Originally Posted by eke2k6
Cross posting from another thread:
The ER4S came in today. I told James I wasn't going to be able to get to it, but who am I to resist the veteran of the iem world.
I feel like the ER4S can be summed up with one sentence..."Dat upper midrange bump."
It confers the ER4S' greatest strengths, as well as its biggest downfalls. The ER4S is the first iem I've heard, other than the T-Peos H-100, that truly gave the the impression of being "cold". It's not even a bass issue either, as I'm getting clean and deep bass. The midrange hump reeeaallyyy emphasizes every last micro detail and harmonic, but there's little body to back it up, making notes that fall in the area of emphasis seem like they were machined from a sharp blade. This heavily applies to guitar strums. At the moment, all I can say is that I think the HF5 might just be the best all-around iem in the Ety lineup. It's not a fit issue either...I learned my lesson with the HF5.
Of course, these are very initial impressions. I'll listen more after my exams.
If you're referring just to your experience of the sound, well there's no arguing with that. But if you're talking about (or influenced by) the FR graph, then you should know that the mid-range hump in the FR graph isn't real! It isn't real in the sense that it reproduces the natural FR mid-range hump of the ear's geometry (horn) itself. Since IEM's sit inside the ear canal, and bypass that naturally occurring emphasis, it needs to be re-created in order to faithfully convey the sound as you would normally hear it. Or this is what I've read in any case, and it makes sense to me subjectively, because I absolutely do NOT hear any mid-range hump.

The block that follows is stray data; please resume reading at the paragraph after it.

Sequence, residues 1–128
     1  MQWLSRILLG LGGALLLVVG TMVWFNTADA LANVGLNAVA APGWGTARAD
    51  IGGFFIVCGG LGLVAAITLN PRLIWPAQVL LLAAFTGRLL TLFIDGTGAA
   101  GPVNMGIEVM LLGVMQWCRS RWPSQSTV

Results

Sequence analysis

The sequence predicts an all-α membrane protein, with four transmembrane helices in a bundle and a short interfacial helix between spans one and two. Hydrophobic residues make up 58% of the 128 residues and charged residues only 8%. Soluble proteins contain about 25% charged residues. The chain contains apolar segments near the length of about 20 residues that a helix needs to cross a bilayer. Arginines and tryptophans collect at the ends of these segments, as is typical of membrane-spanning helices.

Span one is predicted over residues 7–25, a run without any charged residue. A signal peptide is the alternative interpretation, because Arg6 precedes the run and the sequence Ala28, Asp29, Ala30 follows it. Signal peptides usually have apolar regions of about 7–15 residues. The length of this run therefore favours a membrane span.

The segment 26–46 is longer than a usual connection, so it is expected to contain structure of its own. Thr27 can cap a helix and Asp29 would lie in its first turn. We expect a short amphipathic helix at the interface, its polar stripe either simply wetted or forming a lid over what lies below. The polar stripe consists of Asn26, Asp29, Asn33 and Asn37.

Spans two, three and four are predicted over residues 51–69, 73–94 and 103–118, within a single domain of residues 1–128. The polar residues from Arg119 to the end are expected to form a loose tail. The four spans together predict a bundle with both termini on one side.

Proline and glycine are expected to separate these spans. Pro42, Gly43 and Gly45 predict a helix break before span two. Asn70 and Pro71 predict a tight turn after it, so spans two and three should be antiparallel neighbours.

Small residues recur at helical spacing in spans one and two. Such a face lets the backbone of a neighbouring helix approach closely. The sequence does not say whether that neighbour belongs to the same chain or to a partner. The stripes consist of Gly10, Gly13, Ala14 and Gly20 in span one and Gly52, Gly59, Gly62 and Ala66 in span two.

In fact, to my ears the ER-4S's are the most natural, neutral, precise, and accurate transducer I have ever experienced. My Energy Pro 22 monitor speakers were pretty damn neutral and accurate as well--which is why I loved them so much--but the ER-4S's have them beat, I suspect. (Sold them a couple years ago.) But in any case, there's a reason that the ER-4S's have a well deserved reputation as a reference standard in-ear-monitor among sound engineers and musicians. I've been marveling over how even handed they are. They can handle absolutely any genre of music. I have very wide ranging tastes, from classical to dance to electronica to pop to R&B to country and most everything in between, and these are the first sound reproducers since my Energy 22's that satisfy me all across the board.
And they are so effortless and pure, liquid transparency and clarity. Not harsh or hard or edgy, but absolutely clear and brilliant, at any volume. They make me dissatisfied with both my Grado SR-225's and my Sennheiser HD-595's, but for different reasons, of course.
I will say, however, that getting the right fit is vital and essential. I was able to get a seal with both the small and large triple flange tips, but the seal was better with the smalls and got them in the right relation to my ear drums. The foam tips I couldn't really get to work at all--but I didn't persist in this effort, since I didn't like the idea of having to smush down the foam every time I wanted to insert them. I didn't try the glider tips at all for this reason. If you haven't tried out your various tip options, you might experiment.
They also just might not be for you, of course! And if you don't like the mid-range, well, then that's that.